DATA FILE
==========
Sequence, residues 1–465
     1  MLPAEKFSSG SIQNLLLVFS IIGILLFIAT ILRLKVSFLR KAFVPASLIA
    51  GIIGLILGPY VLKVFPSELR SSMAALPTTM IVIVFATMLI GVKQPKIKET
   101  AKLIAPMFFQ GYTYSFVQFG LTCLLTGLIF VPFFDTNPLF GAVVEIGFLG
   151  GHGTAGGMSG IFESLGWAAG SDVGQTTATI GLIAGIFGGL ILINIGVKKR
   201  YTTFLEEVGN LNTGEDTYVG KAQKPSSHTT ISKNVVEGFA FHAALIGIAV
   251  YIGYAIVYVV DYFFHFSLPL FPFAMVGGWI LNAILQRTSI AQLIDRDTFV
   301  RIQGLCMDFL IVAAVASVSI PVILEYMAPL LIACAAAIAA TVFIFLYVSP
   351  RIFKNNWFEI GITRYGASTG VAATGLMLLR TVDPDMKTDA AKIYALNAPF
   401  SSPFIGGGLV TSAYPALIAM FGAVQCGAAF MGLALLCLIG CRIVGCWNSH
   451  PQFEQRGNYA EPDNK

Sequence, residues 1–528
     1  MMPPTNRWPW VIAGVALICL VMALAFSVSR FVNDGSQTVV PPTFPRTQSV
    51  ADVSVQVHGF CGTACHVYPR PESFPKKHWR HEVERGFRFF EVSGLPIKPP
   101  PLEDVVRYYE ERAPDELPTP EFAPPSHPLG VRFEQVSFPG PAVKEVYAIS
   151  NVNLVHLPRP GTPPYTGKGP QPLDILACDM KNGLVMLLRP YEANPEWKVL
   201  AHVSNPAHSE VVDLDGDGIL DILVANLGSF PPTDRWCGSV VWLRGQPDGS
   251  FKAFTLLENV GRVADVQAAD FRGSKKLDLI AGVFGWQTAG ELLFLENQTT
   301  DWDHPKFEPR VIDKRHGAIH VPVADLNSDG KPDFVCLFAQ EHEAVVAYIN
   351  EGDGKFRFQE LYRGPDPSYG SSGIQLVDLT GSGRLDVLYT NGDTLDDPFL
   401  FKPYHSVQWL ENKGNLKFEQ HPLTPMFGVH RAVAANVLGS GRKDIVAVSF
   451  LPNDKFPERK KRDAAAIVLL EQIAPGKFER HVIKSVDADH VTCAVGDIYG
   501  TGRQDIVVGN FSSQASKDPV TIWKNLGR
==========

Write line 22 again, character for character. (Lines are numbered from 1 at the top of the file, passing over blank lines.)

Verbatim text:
   451  LPNDKFPERK KRDAAAIVLL EQIAPGKFER HVIKSVDADH VTCAVGDIYG